Saturday, 30 May 2009

Day 8: Ailing back to port we must rename the boat

What a gorgeous day to be on the move, we set off back to the marina just before lunch. With three locks and a swing bridge to do, the first two were absolutely knackering, Dave had to help, because I nearly killed myself shutting the last lock gate!

It was then that I realised a week of partying had taken it’s toll, I was seriously dehydrated and on the verge of passing out! I know, I know, self-induced so no pity please, (physical burnout?)

Anyway we had plenty of time, so we moored up again for an hour, had some cheese on toast and lots of ice cold water from our “part-time” freezer, ah that’s better.

Our second attempt to meander reluctantly back to the marina was a bit more successful, we passed through the swing bridge and the last lock with little effort. Thereby proving the scientific theory that food and water get converted into energy pretty dam quick if necessary.

So moving swiftly on (before this turns into a human biology report) we arrived back about 5pm, and connecting up to shore power was priority number one. The inverter whirred into life and charged the batteries up to a steady 14V (Phew).

As reluctant as we were to have come to the end of our little excursion. We were both happy about having power to all our electrical friends back ON. It was such a relief to be able to switch a light on without doing any complicated calculations first. But that doesn’t mean I’m going to whip round with that hoover anytime soon!

It can stay in its cupboard and suffer in total disgrace for a while longer, sod the fluff balls that are rolling around the boat like giant tumble weeds in a Spaghetti Western. I’ll have to summon up courage from above and beyond before attempting to vacuum this desert.

Once we’d moored up, plugged up and filled up with water we went to the local pub for (another) meal, I mean we’re still on holiday right? While we were there I reminded Dave never to say he’s pleased with any new kit we might get for the boat again.

Only hours before everything went pear shaped he’d said these exact words: “Well I’m really pleased with our new setup, and how amazingly well it works."
Well at least we could laugh about it – the wine helped a lot…
As for TT herself, well I think I’m going to rename her, put an N in the middle and you’ve got:

“Toil n’ Trouble.” Rename? Bad luck? Nah, it couldn’t get any worse...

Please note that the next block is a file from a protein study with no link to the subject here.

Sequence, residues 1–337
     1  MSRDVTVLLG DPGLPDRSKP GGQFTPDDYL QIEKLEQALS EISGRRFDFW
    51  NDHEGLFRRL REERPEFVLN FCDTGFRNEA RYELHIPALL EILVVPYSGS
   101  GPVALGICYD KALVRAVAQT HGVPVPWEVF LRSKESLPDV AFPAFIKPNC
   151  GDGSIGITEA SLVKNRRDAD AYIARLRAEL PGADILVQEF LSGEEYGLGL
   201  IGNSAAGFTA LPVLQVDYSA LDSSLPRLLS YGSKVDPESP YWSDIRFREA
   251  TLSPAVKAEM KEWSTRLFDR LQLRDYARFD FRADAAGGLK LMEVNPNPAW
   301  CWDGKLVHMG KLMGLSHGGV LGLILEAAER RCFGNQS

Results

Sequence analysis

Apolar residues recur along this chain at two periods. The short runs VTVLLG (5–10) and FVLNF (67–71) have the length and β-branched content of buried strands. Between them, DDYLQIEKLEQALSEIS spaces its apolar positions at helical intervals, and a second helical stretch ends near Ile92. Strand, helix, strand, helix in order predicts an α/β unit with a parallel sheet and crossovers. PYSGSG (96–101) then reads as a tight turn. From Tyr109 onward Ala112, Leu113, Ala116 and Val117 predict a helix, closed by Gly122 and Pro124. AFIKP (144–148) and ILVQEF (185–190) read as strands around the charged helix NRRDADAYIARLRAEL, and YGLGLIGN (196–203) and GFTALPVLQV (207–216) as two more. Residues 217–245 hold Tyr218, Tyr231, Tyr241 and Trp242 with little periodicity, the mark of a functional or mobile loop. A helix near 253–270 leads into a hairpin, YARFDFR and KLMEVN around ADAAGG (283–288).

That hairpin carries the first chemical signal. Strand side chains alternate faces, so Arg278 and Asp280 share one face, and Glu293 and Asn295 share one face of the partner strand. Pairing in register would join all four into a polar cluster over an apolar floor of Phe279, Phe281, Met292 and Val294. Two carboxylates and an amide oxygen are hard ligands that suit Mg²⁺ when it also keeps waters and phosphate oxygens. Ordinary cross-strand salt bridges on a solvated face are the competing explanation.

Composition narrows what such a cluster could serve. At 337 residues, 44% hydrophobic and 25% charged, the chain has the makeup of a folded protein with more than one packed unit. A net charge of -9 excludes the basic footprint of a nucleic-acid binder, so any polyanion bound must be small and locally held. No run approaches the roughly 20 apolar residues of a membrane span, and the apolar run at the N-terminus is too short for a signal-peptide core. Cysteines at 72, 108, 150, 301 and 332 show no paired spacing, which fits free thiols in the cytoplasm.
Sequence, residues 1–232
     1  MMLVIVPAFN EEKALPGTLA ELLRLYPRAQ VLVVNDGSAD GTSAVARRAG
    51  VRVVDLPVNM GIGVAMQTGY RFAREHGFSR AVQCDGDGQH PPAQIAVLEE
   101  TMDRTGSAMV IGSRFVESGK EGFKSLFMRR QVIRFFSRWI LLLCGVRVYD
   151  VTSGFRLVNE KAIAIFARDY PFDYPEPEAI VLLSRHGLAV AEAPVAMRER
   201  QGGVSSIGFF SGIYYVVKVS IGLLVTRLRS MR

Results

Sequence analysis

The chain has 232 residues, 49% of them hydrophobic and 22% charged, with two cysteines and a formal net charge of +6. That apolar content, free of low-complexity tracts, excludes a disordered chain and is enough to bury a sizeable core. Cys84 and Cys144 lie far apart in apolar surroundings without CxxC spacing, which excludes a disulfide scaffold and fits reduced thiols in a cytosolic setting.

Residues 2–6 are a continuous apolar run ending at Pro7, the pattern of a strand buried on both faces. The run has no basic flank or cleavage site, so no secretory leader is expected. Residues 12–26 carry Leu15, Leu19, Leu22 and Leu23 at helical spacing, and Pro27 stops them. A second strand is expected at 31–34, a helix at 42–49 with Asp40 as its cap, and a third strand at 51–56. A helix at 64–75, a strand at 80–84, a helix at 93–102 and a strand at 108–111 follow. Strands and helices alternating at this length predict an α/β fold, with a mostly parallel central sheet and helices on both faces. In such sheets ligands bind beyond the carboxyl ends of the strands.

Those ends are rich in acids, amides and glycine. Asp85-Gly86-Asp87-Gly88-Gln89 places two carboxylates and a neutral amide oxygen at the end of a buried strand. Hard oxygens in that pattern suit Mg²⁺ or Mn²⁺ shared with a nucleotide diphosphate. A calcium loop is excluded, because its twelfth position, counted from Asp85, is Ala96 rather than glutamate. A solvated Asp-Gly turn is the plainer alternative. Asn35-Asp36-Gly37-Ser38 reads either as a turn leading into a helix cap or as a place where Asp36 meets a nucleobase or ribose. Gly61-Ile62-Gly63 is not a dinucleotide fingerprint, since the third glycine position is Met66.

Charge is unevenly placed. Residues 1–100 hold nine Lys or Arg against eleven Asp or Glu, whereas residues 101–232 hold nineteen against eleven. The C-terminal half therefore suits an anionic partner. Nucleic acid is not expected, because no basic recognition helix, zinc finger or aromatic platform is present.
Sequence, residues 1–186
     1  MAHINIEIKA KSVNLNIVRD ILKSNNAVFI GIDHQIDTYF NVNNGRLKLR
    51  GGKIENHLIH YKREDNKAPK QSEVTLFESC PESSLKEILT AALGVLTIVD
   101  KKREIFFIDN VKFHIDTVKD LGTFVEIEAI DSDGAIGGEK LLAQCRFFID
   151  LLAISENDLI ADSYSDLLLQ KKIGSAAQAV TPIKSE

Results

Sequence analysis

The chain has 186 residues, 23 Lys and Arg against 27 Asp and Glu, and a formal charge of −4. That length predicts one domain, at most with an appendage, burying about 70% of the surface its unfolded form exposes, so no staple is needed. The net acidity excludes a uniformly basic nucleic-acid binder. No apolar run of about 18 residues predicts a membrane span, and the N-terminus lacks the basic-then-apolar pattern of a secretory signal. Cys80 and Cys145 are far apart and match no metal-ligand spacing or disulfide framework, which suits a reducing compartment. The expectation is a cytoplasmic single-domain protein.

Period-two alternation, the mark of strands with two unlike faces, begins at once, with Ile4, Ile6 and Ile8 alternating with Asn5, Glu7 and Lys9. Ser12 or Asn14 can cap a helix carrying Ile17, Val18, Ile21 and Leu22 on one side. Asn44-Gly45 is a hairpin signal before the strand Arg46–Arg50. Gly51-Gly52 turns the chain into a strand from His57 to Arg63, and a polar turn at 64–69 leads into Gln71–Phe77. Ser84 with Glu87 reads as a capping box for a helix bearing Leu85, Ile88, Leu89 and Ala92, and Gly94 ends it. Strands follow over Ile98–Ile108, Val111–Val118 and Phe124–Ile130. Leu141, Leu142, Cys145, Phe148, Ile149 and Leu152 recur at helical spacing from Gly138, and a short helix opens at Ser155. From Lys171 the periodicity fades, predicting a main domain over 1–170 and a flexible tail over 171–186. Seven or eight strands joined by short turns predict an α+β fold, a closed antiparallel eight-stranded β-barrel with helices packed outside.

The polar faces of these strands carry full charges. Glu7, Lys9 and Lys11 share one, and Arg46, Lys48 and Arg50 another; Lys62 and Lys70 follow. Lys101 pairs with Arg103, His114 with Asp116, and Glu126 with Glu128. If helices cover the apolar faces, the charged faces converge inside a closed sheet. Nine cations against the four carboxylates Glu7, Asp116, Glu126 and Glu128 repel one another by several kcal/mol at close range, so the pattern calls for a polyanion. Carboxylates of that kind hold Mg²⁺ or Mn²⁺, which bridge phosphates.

Weird as this may seem Diane and Steve are currently trying to sift through a myriad of different problems (on a much grander scale) with “Toil n’ Trouble 2.” They even have a “To Do” list. Good job we can all have a laugh about it eh? (And believe me WE DO). I mean some of these quirky problems border on being truly bizarre, but the timing of these failures is something else.  

At least (for us) with the major stuff it seems to be one thing at a time, for example the current THING isn’t with the new inverter / charger, or the batteries, it’s what they’re connected up to --- the alternator... 

Reminds me of a trail of breadcrumbs, each one bigger than the last, this doesn’t necessarily refer to cost, it’s more about importance. See we’ll get the alternator fixed, then the next crumb on this particular trail is the engine itself. [Of course one has to ask oneself if the darn boat really needs one anyway? I mean we can’t go anywhere without a major disaster occurring]

It may sound like I’ve been a bit melodramatic about this latest setback (what, me?). But last summer we were bounding up and down the canals, and an estuary with a temperamental boiler that wasn’t working proper. AND THERE WAS MORE, the old inverter expired not long after the boiler did. (RIP).

We were out at the time (obviously) and had to throw away ALL our food when we got back. So when we went across the Ribble Estuary for the Preston Riversway Festival, it was vital we go a few days early so we could get one of the moorings with electric hook up. Otherwise we’d have been coming back on the next tide.

So when I think about the crippled state the boat was in this time last year, looking on the positive side, this year’s palaver is but a drop in the ocean (or the canal), whichever.  
Since then we’ve learned the hard way that:

B O A T stands for “Bring Out Another Thousand”
But nay, despite everything we both still love our TT, whatever she gets called and whatever mutiny goes on, we will NOT be defeated.
One last thing before I bore you to sleep, a couple of days after the alternator had decided it wasn’t going to alternate properly. I remember pulling TT in with the middle rope (against the wind) shouting:
“C’mon you big bugger for crying out loud work with me,” and Dave said “Aww, don’t talk to her like that, you’ll upset her!”
[Oops, too late]

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